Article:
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Tabeek: As Falcons search for answers, here's a good place to start


Before heading to Houston, Julio Jones said the Falcons needed to "at least score 21, 28 points a game" if they were going to get things back on track.

Jones also added that "everybody just has to fix themselves first." But before they can fix anything, the Falcons must figure out who they are first.

The Falcons ended up scoring 32 points but it's clear there's a lot that still needs to be fixed, especially on defense, as they ended up losing by 21 to the Texans on Sunday and falling to 1-4 on the year.

The 53 points surrendered to Houston (3-2) was the most a Falcons team has allowed since they gave up 56 to the Kansas City Chiefs back in 2004.

So, who exactly are these Falcons and how do they fix things? Right now, the only definitive thing we can say about them is that they're a 1-4 football team sitting in fourth place of the NFC South.

But they're more than that.

The Falcons, who entered Sunday's game with the 11th-ranked offense in the league, trotted out Matt Ryan, Julio Jones, Calvin Ridley, Mohamed Sanu, Alex Mack (and a few other guys with Pro Bowls under their belts) onto the field at NRG Stadium.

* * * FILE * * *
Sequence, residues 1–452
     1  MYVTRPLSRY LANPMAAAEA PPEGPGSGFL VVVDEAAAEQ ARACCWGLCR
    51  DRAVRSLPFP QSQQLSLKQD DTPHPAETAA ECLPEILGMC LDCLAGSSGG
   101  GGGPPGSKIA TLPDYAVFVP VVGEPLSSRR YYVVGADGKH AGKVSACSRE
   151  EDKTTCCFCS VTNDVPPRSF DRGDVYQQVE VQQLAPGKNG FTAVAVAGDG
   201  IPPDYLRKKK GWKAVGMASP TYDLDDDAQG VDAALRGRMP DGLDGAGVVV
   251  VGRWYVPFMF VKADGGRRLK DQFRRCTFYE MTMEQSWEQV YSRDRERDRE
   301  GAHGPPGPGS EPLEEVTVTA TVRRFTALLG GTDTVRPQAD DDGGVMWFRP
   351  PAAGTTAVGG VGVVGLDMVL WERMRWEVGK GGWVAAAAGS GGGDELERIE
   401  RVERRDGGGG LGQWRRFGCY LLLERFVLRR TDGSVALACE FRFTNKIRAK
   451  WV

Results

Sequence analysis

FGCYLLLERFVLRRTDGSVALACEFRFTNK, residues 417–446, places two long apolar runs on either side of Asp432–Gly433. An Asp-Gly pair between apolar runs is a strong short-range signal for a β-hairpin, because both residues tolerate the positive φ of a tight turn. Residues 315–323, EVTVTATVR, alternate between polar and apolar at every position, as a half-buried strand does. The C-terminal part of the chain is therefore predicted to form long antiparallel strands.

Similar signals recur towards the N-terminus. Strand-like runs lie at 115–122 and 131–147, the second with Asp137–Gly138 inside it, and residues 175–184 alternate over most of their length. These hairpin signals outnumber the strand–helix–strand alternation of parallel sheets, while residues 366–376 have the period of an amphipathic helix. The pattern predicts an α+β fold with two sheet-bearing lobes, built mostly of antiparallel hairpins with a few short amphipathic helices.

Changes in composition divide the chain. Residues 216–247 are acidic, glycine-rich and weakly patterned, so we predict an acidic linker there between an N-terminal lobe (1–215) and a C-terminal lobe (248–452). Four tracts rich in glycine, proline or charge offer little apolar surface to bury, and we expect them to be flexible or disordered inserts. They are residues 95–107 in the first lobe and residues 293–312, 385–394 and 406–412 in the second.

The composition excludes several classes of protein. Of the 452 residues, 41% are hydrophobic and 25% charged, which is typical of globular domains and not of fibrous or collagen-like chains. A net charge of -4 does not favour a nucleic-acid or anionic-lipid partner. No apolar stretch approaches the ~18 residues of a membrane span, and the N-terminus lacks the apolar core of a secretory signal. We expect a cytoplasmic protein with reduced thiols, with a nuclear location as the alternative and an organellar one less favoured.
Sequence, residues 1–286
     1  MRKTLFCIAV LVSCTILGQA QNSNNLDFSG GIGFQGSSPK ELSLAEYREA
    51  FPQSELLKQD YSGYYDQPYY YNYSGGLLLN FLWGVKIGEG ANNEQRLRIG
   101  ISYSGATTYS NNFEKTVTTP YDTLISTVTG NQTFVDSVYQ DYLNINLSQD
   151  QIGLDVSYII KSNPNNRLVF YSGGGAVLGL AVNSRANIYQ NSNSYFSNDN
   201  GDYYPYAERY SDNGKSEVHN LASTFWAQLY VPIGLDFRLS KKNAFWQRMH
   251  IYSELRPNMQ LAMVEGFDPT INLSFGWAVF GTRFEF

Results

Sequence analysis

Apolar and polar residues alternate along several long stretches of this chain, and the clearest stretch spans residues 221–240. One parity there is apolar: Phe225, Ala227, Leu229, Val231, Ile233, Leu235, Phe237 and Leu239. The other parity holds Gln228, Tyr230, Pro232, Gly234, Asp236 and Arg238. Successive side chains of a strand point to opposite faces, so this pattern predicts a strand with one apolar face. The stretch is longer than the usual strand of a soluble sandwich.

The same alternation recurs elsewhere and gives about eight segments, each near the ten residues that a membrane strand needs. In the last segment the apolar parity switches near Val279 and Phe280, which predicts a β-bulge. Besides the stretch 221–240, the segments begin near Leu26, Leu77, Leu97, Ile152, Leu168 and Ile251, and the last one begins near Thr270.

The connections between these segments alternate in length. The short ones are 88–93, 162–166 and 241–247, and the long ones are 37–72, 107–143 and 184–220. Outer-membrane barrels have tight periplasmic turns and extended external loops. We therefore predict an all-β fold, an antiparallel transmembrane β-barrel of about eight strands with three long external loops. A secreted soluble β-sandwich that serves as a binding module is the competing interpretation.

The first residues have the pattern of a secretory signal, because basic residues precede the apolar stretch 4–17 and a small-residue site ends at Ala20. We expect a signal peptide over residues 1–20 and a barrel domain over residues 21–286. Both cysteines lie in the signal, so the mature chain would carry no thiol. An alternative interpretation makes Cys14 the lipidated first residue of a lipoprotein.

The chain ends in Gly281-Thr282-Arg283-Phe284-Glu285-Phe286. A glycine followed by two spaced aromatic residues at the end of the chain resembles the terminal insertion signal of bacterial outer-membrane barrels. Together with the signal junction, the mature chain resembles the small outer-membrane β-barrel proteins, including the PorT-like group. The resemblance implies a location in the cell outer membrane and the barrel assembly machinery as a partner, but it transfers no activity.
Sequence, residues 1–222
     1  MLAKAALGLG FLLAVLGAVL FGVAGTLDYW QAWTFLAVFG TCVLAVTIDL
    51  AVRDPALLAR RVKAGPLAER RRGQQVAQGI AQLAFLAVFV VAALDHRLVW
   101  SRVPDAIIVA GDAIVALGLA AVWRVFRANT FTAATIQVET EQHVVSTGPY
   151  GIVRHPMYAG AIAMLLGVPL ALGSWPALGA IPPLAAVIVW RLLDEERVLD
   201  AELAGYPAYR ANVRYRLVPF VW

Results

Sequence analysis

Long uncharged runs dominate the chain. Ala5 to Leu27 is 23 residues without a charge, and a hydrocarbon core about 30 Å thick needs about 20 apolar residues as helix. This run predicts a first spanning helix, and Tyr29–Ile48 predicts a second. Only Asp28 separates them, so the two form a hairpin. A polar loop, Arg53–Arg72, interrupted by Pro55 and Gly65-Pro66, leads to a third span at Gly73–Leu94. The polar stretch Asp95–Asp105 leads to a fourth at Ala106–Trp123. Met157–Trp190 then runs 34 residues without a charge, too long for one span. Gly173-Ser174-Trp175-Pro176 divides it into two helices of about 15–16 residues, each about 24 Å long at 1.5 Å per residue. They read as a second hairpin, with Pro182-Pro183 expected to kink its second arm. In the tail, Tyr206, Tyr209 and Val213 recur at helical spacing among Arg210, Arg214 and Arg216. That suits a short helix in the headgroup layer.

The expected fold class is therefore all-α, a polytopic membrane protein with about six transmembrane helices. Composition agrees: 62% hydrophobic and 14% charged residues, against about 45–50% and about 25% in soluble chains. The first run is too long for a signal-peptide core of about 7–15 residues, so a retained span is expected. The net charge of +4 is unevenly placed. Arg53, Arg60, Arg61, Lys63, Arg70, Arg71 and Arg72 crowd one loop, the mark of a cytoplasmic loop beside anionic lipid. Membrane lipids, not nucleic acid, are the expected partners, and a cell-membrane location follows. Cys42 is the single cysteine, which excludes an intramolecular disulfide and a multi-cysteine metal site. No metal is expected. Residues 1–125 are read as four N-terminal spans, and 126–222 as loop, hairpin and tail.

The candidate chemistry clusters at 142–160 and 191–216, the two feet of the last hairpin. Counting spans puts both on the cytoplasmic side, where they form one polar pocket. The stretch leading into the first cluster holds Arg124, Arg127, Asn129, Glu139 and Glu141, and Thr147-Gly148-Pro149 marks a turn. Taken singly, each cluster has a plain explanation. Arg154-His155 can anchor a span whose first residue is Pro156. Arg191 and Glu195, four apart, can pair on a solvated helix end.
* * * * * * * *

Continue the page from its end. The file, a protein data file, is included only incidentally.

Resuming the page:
The proven firepower is clearly there and, as we saw in Houston, they're capable of scoring points. Yet through five games, the Falcons offense is only averaging just 20.4 points per game.

That's not cutting it. Why? Do the math.

While the Falcons' defense began the day ranked No. 9 in total defense (No. 15 vs. the rush, No. 25 vs. the pass), that unit is now giving up an average of 30.4 points though five games.

Making matters worse, the Falcons surrendered 592 yards of total offense to the Texans – many of them coming on several explosive plays. Houston averaged 8.8 yards per play while tallying 10 pass plays of at least 14 yards, including eight of 20 yards or more.

In short, the big-yardage plays made by Deshaun Watson and Co. did the Falcons defense in. Watson finished his day completing 28 of 33 passes for 426 yards and five touchdowns – and a perfect QB rating of 158.3 to boot.

After the game Dan Quinn said the Falcons' backs are "against the wall" and that "it's gut-check time for us."

He also added that "this is a group that's not going wait by and hope it gets fixed."

Quinn and the Falcons are going to spend the week out in Arizona preparing for their coming game against the Cardinals and, I imagine, do a little soul-searching as they try to find their identity and get things, well, fixed.

As far as who the Falcons are and what exactly they hope to be moving forward, Matt Ryan might already have the answer.

"It's about being a point-scoring machine," Ryan said last Wednesday.

Ryan, who was named the league's MVP in 2016, knows a thing or two about high-scoring offenses. He, along with many of the current Falcons still on this roster, averaged a league-best 33.8 points per game in 2016 – and that culminated with a Super Bowl run.

"We have not been that; we haven't done a good enough job of that up until this point," Ryan said.

If the Falcons hope to turn this season around, becoming "a point-scoring machine" sounds like a fine place to start.

It's who they are. And it makes sense, mathematically speaking.

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